Which brings us to the addictive part. It is fair to say that I have an addictive personality; this is simply determined by the fact that if one thing is good, then two must be twice as good, three must be thrice as good and so forth. But one man’s addiction is another man’s veneration, and from the tobacco shelf on my bookcase it seems that in any book written warmly on the subject of tobacco, viz Iain Gately’s La Diva Nicotina, G Cabrera Infante’s Holy Smoke and JM Barrie’s My Lady Nicotine, the tone is respectful, almost devotional.

The last, rather alluring title, which suggests some form of courtly love, covers a series of articles on the subject of Barrie’s own tobacco mania, and I am pleased to see that there is a historical precedent for being in thrall to the tobacco accessory.

IN THE ESSAY entitled ‘My Smoking Table’, he tells of the tyranny exercised over his life by a cantankerous piece of furniture that was apparently all the rage in 1892. It came as a kit from some antecedent of Ikea, and Barrie professed himself in love with it as soon as ‘I had fixed the pieces together. It was of walnut, and consisted mainly of a stalk and two round slabs not much bigger than dinner-plates. There were holes in the centre of these slabs, for the stalk to go through, and the one slab stood two feet from the floor, the other a foot higher.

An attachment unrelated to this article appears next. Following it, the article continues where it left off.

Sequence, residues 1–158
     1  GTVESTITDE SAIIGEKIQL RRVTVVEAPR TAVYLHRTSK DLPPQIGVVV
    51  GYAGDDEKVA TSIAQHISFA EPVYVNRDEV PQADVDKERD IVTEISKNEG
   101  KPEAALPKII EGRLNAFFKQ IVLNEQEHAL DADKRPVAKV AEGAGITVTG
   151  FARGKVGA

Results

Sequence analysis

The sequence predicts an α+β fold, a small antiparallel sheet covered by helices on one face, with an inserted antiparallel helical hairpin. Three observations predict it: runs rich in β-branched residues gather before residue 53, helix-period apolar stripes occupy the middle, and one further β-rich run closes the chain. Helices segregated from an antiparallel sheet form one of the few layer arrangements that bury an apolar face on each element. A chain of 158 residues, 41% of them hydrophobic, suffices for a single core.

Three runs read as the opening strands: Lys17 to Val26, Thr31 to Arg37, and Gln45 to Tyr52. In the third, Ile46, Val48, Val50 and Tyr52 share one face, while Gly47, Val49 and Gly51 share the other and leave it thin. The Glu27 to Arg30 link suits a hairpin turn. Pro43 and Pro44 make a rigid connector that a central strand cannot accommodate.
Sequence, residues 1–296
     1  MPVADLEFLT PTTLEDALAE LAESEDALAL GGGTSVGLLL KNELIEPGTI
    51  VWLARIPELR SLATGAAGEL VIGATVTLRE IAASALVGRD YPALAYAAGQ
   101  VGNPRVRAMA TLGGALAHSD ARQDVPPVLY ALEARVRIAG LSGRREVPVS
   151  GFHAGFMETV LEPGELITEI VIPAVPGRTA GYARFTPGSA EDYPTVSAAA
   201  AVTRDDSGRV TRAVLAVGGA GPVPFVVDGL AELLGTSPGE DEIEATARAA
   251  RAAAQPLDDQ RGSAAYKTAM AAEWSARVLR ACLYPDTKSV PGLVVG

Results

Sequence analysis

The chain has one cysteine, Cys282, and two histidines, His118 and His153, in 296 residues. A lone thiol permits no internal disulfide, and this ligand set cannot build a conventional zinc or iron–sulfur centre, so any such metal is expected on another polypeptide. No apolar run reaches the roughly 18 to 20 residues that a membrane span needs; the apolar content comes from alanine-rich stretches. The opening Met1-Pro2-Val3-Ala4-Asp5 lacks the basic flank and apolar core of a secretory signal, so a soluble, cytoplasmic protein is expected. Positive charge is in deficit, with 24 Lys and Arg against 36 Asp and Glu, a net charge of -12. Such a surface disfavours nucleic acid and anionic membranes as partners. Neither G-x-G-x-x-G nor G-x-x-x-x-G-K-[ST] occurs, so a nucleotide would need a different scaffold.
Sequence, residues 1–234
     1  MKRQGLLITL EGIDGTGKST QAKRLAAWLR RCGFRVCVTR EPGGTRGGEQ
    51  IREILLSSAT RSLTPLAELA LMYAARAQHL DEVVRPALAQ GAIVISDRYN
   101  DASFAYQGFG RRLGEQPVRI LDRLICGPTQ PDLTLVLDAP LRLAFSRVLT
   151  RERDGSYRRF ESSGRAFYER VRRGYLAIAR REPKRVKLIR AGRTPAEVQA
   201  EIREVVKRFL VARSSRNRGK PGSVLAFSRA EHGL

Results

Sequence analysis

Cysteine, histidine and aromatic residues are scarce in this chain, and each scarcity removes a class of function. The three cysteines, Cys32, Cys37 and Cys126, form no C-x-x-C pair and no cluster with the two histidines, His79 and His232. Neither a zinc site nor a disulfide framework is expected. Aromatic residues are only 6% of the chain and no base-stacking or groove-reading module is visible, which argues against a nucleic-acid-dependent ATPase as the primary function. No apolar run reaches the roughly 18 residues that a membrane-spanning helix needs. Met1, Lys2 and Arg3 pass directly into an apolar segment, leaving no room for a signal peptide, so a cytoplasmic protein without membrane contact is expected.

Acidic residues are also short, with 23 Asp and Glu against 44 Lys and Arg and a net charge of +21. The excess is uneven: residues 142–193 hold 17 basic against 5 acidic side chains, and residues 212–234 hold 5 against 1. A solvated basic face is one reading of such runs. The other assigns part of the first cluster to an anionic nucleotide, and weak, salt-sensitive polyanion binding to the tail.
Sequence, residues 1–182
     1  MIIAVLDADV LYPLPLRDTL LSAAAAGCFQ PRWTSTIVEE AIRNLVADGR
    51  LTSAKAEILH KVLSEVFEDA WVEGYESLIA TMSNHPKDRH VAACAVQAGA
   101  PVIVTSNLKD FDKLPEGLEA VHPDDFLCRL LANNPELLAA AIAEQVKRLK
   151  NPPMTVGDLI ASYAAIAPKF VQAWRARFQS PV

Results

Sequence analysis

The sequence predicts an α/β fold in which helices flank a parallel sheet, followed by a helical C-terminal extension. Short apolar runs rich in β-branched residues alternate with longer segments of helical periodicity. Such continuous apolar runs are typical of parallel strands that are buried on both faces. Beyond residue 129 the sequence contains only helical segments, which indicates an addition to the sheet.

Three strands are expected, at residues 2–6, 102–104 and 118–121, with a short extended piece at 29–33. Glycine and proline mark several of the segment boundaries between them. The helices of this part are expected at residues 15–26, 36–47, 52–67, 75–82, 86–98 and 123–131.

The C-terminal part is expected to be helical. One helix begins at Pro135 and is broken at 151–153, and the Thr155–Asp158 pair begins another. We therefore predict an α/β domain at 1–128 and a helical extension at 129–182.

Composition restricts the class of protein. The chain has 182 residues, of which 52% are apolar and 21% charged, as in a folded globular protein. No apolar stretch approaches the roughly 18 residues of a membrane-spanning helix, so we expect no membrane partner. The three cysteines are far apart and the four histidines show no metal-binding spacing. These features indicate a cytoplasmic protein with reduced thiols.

The lower slab was fitted with a walnut tobacco-jar and a pipe-rack, while on the upper slab were exquisite little recesses for cigars, cigarettes, matches, and ashes. These held respectively three cigars, two cigarettes, and four wax vestas. The smoking-table was an ornament to any room; and the first night I had it I raised my eyes from my book to look at it every few minutes.’

The table soon develops a life of its own, is always falling over and with its pusillanimous capacity proves itself so thoroughly unfit for purpose that Barrie passes it on to his brother, who re-gifts it and then, rather like some tobacco-oriented version of Schnitzler’s La Ronde, after a year on the move it boomerangs back to Barrie.

I am of course now scouring all major London salerooms to find a similar piece of furniture to fill the yawning chasm that has opened in my life since reading this essay.

Read Nick Foulkes on cigars